Screens » Film & TV

The bored redundancy


For crying out loud, someone please buy Paul Greengrass a tripod. Seriously. Like for Christmas or something. IMDb says his birthday’s this month — how ’bout that? Any takers?

Nah. I kid, of course. Greengrass is our preeminent purveyor of Shaky-Cam-as-Gospel, and you’d be hard-pressed to find a director who pulls it off as well, or as lovingly (or as frequently) as he. Case most recently in point: The Bourne Ultimatum, the latest, if perhaps not the last, in a series of notably well-received (and notably loose), Matt Damon-propelled film adaptations of Robert Ludlum’s original Jason Bourne trilogy. And without much fear of contradiction (and, faith, without having taken in the ’88 Bourne tele-film featuring erstwhile heartbreakin’ priest Richard Chamberlain `right on schedule, my annual Thorn Birds reference` as the titular forgetful operative), I’m happy to report that Ultimatum is the best of the lot.

Fair warning: If you happen to be a fan of these flicks, this might be the most opportune moment to bow out of this review and hop onboard another, as I fear matters will only get less friendly from here forward.

(Well, maybe stick around for the plot-summary paragraph; should be reasonably inoffensive. But after that, you’re cruisin’ for some Bourne-borne disharmony. And maybe some worse wordplay, too. I’m not making any promises.)

Ultimatum deals directly with Bourne’s struggle to find out who he is and who made him that way. The others do, too; this one does so with less distraction. No romance, no revenge, no emotion, really, just “the truth,” with a bunch of waiting-to-be-dead bodies in the way.

Now that the old “super-soldier” program (Treadstone) that created Bourne is defunct, an even-more-super-secret one (Blackbriar) has risen to take up its mantle. Meantime, find-get-kill-Bourne CIA heavies Conklin (Chris Cooper) and Abbott (Brian Cox) have been replaced by the equally zealous, just-as-ethically questionable Vosen (David Strathairn) and Kramer (Scott Glenn). When a London reporter (the ever-remarkable Paddy Considine), aided by a secret source, publishes a story about Bourne, Bourne surfaces, the feds perk up, and the whole hunter-hunted thing kicks into full swing, eventually culminating in a Wolverine-style confrontation between Franken-spy and creator.

It wouldn’t be fair to say that I hate the Bourne flicks, because I don’t. But certainly, I’m just not seeing what nearly everyone else seems to see. And really, the worst bit of it is that I can’t really justify my prejudice. A spare-but-stylish, stripped-down, pseudo-realistic action film sounds like something I’d enjoy. Alas, I’ve spent a disproportionate amount of my time with the Bournes being, well, bored. Not as much in Ultimatum as with the others (Identity was better on a second viewing; Supremacy made me impatient), but it was there. I think it just comes down to wanting a little more personality with my ka-boom.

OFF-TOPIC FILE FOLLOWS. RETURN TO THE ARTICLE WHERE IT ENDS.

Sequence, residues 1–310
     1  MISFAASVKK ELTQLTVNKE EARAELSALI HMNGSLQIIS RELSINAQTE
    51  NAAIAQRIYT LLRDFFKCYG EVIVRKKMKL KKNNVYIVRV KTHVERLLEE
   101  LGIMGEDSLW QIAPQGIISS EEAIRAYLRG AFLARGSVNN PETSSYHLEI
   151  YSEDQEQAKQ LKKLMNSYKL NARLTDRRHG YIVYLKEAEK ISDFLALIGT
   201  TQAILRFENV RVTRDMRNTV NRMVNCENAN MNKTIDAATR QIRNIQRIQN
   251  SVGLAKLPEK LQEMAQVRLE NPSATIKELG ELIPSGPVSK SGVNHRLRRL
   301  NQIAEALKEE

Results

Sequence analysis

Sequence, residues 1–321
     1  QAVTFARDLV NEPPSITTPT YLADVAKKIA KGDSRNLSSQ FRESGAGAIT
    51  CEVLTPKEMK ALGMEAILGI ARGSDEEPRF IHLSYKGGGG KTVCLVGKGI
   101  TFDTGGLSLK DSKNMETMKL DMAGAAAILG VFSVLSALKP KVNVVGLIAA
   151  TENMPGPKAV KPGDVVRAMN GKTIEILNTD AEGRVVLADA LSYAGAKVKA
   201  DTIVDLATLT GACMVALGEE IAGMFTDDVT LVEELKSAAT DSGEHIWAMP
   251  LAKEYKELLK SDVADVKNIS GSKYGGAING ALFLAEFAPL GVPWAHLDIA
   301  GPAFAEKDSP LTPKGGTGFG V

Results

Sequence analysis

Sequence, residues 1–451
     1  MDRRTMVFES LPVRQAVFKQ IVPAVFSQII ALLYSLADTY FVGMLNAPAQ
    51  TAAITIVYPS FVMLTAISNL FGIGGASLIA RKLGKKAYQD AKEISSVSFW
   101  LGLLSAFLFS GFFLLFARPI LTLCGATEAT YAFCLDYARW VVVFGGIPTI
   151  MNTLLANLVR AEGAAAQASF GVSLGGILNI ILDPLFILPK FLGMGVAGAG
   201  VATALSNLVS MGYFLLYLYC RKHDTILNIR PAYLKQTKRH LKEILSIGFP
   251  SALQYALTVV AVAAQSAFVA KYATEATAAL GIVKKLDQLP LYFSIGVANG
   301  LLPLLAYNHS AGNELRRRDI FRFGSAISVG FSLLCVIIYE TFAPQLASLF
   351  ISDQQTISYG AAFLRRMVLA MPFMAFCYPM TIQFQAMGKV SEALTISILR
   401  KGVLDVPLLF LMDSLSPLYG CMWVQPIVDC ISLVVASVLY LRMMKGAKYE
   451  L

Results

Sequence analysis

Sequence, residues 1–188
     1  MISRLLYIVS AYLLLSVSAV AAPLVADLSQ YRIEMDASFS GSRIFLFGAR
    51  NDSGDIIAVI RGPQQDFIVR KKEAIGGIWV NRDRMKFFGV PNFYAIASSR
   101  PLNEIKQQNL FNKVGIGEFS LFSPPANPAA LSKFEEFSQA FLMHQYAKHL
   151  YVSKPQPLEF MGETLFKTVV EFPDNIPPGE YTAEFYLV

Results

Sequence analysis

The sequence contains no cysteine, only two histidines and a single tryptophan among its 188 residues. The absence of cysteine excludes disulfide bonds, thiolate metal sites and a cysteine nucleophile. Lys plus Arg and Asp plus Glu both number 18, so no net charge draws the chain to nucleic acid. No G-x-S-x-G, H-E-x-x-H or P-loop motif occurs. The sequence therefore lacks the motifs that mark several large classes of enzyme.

Now, I’m a Matt Damon fan. I respect his commitment, his talent, and his intelligence and courage in choosing roles (Stuck on You may not be fantastic, but it was brave); his will be a long and fascinating career. But I like my Damon more … interesting. (The Talented Mr. Ripley, say.) I get it: An amnesiac spy-hitman would be pretty wan, emotionless, not necessarily likable. It’s realistic. It’s just not fun for me.

The series as a whole just feels a bit too bland and humorless. And a bit melodramatic. As a rule, everyone namechecks Bourne. “Do you know who you’re dealing with? This is Jason Bourne.” “You want to go home? Find Jason Bourne.” Cut to Bourne handling another assassin or two, Terminator-like, barely breaking a sweat. Cut back to the control room, people yelling, “More assassins! This is JASON BOURNE we’re dealing with!” Cut back to Bourne, shaking off an explosion, a ridiculous car wreck, a fall that would kill anyone else. I know, I know. It’s an action flick. But see? Give me no character to care about, no comic relief or emotion, and there’s nothing to distract me from stuff like that.

And another thing: One too many people in Ultimatum ask, “You really don’t remember anything, do you?” No. No, he doesn’t. There are now three movies about how he doesn’t. Please stop being so impressed with the idea.


Sorry. Honestly, it’s rather unfair to air these frustrations now, because Ultimatum is really pretty good. There’s an ingenious and riveting construct toward the beginning wherein Bourne must guide Considine’s hapless and freaked-out reporter, via cell phone, through a busy London terminal, avoiding thugs and snipers. A little Rear Window-ish, on steroids. Great stuff. And there’s an impressively nimble, vicious fight scene between Bourne and a hired gun in which both race and jump from building to building before having it out in an apartment bathroom.

Essentially, the third Bourne is more of the same, but better. Put another way: If you’ve felt like punching my face during certain portions of this review, saddle up and grab a ticket.

If not, though, feel free to drop me a line. I may go pop in The Long Kiss Goodnight

The Bourne Ultimatum
Dir. Paul Greengrass; writ. Tony Gilroy, Scott Z. Burns (screenplay), George Nolfi (screen story), Robert Ludlum (novel); feat. Matt Damon, Julia Stiles, David Strathairn, Joan Allen, Scott Glenn, Paddy Considine, Albert Finney (PG-13)

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